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Old 06-28-2005, 05:53 PM
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Default Article: Missoula County Jail in "Crisis" of Overcrowding

Tuesday, June 28, 2005

Missoula County jail in 'crisis' of overcrowding

By The Associated Press - 06/28/05

MISSOULA (AP) - Inmates are sleeping on cell floors or being shipped
as far away as Havre because the county jail is too crowded,
authorities said.

County Attorney Fred Van Valkenburg called the situation a
''crisis,'' asking his staff last week to find inmates who could be
released early to make room for more serious offenders. Similar
efforts are under way in the sheriff's department.

''You can't really tell people, 'Don't go out and find druggies and
meth labs,''' sheriff's Capt. Susan Hintz said. ''But we've been
filtering out, the best we can, the less-serious people. We've asked
judges not to sentence people here unless they have to.''

The jail has been overcrowded since a year after it opened six years
ago, but has reached dangerous and inhumane levels that put the
county at risk of a lawsuit, Sheriff Mike McMeekin said.

A jail employee was so frustrated he recently sent out photographs of
men sleeping on the hard floor of a cell meant for stays of an hour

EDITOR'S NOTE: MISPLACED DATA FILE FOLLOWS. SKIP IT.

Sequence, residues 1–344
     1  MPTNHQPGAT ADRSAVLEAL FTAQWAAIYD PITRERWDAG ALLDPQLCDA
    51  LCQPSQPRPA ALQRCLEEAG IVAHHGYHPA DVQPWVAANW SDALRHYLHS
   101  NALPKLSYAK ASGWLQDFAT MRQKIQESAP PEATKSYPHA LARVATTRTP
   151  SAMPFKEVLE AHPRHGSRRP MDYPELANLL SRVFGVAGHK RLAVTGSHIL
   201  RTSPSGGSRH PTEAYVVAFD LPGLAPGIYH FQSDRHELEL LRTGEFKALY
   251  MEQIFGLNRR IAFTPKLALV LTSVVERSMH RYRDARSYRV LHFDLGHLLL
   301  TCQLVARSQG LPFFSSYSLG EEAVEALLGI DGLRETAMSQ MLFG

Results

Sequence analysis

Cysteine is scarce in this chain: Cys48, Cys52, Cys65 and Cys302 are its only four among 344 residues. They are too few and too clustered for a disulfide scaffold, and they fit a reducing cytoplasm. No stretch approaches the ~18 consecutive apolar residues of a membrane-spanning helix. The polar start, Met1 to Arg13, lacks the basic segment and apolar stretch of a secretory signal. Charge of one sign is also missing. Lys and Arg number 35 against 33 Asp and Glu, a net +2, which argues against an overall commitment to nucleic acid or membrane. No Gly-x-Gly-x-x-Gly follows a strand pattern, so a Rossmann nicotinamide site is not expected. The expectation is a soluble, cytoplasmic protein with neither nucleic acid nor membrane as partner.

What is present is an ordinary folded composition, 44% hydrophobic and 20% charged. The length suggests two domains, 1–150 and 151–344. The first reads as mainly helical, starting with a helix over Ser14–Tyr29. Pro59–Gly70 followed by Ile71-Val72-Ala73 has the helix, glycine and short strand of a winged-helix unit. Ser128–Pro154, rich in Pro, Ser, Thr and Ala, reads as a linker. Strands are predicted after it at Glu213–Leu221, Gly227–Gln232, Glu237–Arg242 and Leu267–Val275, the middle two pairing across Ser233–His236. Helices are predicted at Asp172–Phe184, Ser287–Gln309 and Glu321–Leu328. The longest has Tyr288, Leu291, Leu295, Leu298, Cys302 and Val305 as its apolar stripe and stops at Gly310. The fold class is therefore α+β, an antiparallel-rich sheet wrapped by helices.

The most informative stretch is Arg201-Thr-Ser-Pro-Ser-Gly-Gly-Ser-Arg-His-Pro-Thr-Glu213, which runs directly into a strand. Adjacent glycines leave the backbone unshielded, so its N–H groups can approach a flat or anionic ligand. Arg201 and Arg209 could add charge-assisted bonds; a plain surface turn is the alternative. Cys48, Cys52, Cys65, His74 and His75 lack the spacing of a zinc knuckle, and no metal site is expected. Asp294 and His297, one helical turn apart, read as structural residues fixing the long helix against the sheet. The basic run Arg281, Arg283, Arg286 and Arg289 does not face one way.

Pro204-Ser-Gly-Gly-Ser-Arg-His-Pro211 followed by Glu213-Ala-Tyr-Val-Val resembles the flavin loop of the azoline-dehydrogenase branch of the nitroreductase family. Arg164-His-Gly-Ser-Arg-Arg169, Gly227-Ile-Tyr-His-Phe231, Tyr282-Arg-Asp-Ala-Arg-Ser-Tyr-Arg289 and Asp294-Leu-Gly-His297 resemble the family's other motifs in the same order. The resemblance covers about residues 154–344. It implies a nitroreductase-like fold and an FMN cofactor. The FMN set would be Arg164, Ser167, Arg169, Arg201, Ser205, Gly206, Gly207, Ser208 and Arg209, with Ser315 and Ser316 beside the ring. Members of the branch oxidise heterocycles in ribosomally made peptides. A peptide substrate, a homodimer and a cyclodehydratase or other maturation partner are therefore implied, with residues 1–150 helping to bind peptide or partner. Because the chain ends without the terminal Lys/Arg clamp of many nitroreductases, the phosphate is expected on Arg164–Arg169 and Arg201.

or two, not overnight bookings. He pleaded in an e-mail to government
officials: ''This can't go on.''

As of last week, 44 inmates - or 10 percent of the county's jail
population - were in other facilities as far away as Havre, McMeekin
said. The county budgeted $12,500 this year to pay other counties to
house its prisoners, but costs have reached $100,000, not including
transportation.

Because of overcrowding, some criminals go unpunished or wait months
to serve their time. People sentenced to jail for drunken driving are
sent home because there's no room for them, McMeekin said.

The county has no money for a new jail. Instead, McMeekin and county
commissioners are considering turning the county fairgrounds into
weekend jail cells to handle the backlog of drunken drivers waiting
to do their time.

Ann Mary Dussault, the county's chief administrative officer, is also
suggesting a summit of law enforcement, jail, detention and county
leaders to discuss a plan of action.

Missoula may need more and expanded alternatives to jail, such as
electronic monitors, expanded addiction treatment programs and more
community service, officials said. McMeekin said he's working on a
''state of detention'' report.

''Getting the figures is easy,'' he said. ''What to do with them
isn't.''

Information from: Missoulian, http://www.missoulian.com

http://www.helenair.com/articles/200...7062805_02.txt



Deb
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